Plans to tackle the migrant crisis in the Channel today met opposition from the Whitehall establishment ‘Blob’.
The government is preparing a major immigration bill to fulfill Rishi Sunak’s promise to ‘stop the boats’.
But it has been attacked by senior officials even before the details are revealed.
A former mandarin said it was “highly doubtful” that the proposals would lead to a drop in crossings. Charities also criticized the plans.
The new legislation is expected to strengthen measures that allow asylum applications to be declared ‘inadmissible’.
A group of migrants is being brought to Dover on a Border Force ship today
Migrants were housed at Napier Barracks in Folkestone, Kent on March 6
It is also expected to limit individuals’ ability to use human rights laws to avoid being sent home.
The Mail revealed this morning that the Illegal Migration Bill will include lifelong bans for those arriving via ‘irregular routes’, such as by small boat.
Mr Sunak is expected to speak with French President Emmanuel Macron later today and lay the groundwork for a summit on Friday when the Channel crisis will be at the top of the agenda. He has pledged to detain and quickly remove Channel migrants, nearly 46,000 of whom arrived last year.
However, former Permanent Secretary to the Home Office, Sir David Normington, predicted today that the government’s plan would pose “very serious” problems.
“These are people many of whom are in despair, they have fled persecution and if they are told there has been a change in legislation in the UK Parliament I don’t think it will make a big difference to them,” he said. he told the BBC. The Today program of Radio 4.
And then the government has to do something about it. It says it holds them for 28 days and then releases them.
“But where is it going to hold them, because it doesn’t have the space?
“And where is it going to deport them because it doesn’t have enough deals with countries that are safe?”
Lucy Moreton of the Immigration Services Union also doubted the proposals.
“The plans as they’ve been announced are really quite confusing,” she told the Today programme.
“We cannot send anyone to Rwanda at this time – it is subject to legal challenges. We cannot remove anyone back to Europe because there are no return agreements and we no longer have access to the database that allows us to prove that individuals have applied for asylum in Europe – Eurodac – when we left with Brexit.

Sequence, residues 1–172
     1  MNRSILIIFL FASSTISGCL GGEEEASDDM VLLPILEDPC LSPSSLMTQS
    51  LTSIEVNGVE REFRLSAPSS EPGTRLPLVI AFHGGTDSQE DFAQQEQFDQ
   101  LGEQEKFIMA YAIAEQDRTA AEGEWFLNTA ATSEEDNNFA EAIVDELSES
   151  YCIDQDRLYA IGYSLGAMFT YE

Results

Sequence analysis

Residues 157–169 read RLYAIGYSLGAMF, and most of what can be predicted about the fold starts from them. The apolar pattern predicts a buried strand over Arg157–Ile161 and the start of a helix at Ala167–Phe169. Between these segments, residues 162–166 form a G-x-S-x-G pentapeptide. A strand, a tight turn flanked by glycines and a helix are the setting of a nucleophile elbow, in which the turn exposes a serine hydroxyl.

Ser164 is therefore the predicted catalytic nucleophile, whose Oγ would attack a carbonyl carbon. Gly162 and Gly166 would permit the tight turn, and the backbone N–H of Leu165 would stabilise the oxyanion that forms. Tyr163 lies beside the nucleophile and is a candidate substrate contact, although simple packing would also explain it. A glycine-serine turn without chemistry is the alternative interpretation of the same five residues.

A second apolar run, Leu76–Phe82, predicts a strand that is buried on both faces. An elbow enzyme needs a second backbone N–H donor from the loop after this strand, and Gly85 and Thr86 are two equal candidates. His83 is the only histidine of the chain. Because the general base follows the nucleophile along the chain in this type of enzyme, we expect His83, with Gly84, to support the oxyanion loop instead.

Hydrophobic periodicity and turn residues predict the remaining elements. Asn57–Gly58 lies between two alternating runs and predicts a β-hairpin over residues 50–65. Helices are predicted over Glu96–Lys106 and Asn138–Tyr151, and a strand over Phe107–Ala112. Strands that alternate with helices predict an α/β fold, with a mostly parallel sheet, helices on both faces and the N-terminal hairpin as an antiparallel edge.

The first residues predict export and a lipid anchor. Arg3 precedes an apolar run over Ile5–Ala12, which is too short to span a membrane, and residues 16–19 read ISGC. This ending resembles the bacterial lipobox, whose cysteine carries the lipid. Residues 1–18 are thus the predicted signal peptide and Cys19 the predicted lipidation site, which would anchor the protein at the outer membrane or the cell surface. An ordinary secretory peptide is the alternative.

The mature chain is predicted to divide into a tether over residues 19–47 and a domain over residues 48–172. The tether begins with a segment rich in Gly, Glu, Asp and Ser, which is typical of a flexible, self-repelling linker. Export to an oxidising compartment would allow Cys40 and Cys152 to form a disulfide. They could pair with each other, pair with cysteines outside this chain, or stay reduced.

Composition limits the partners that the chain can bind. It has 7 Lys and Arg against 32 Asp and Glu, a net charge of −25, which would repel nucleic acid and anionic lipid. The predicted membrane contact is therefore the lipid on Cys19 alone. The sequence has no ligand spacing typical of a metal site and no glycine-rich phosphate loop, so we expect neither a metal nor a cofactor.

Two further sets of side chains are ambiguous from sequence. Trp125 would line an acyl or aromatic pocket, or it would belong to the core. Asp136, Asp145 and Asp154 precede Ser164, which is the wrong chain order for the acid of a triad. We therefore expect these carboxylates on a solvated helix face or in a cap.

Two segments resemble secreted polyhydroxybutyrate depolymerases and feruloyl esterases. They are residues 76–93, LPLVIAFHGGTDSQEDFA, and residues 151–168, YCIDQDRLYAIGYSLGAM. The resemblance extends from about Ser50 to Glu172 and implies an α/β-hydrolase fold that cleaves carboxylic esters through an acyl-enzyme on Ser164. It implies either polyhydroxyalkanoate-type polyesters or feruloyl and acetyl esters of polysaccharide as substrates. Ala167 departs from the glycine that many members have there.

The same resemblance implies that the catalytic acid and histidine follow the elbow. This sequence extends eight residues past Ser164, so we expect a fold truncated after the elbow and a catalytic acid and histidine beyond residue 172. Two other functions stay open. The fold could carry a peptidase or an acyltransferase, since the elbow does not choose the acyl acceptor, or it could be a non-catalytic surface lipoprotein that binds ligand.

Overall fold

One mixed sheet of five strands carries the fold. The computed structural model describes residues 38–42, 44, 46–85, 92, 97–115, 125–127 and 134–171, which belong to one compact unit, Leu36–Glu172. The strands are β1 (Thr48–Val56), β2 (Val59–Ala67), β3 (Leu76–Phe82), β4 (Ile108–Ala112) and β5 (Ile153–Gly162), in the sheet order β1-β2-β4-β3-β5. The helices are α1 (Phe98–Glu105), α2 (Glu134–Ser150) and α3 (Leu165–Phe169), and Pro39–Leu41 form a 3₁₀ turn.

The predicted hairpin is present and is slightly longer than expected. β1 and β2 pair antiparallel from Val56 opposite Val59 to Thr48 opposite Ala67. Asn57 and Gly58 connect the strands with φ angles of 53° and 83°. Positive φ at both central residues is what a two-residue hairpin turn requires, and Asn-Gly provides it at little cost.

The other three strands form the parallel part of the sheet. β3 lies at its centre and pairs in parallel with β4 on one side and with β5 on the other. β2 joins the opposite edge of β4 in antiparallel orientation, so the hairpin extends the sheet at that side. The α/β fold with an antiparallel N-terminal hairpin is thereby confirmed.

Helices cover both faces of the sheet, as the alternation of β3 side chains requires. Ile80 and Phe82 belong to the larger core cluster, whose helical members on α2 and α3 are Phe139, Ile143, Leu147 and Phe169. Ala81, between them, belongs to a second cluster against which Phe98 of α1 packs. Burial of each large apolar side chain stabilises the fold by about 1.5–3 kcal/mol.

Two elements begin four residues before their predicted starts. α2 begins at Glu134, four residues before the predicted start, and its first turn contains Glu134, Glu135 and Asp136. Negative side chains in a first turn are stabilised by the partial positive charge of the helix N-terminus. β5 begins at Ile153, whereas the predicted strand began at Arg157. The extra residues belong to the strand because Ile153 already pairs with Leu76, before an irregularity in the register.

“So, unless we have a safe third country that isn’t Rwanda to send people to, this just doesn’t seem possible.”
Ms Moreton, representing immigration officials, said the government’s announcements could ‘stir up’ people-trafficking, with gangs telling would-be migrants to ‘quickly, cross now before anything changes’.
Enver Solomon of the Refugee Council described the plans as ‘flawed’ and added: ‘It is unworkable, costly and will not stop the boats.’
He suggested the proposals would “destroy the UK’s long-standing commitment under the UN convention to give people a fair hearing, whatever path they have taken to reach our shores.”
The government is preparing a major immigration bill to fulfill Rishi Sunak’s promise to ‘stop the boats’
Steve Valdez-Symonds of Amnesty International UK condemned the measures as “disgraceful posturing and scare tactics”.
Downing Street insisted that action was vital to prevent further lives from being lost on the perilous crossing from northern France.
The Prime Minister’s spokesman said: ‘We need people to wait for the actual policy details to be published before giving their opinion.
“We have seen too many lives lost on this dangerous and unnecessary journey, and the number of people entering the country is simply unsustainable.
“As we’ve always said, we recognize that this type of legislation is likely to be challenged in many forms.”
He said Mr Sunak believed there was no need to withdraw from the European Convention on Human Rights.
Cabinet Secretary Michelle Donelan said: “This week we will be introducing additional legislation, which is based on the principle that if people are traveling here via illegal routes they should not be allowed to stay, which I think is common sense and right.
“Those boats are not full of people from countries that urgently need help.
“Often they are full of people who are actually economic migrants who have also been exploited by criminal gangs who take their money on a very dangerous journey.”
When asked if the plan was legally viable, Labor leader Sir Keir Starmer replied: ‘I don’t know if it is and I think we have to be very careful about international law here.’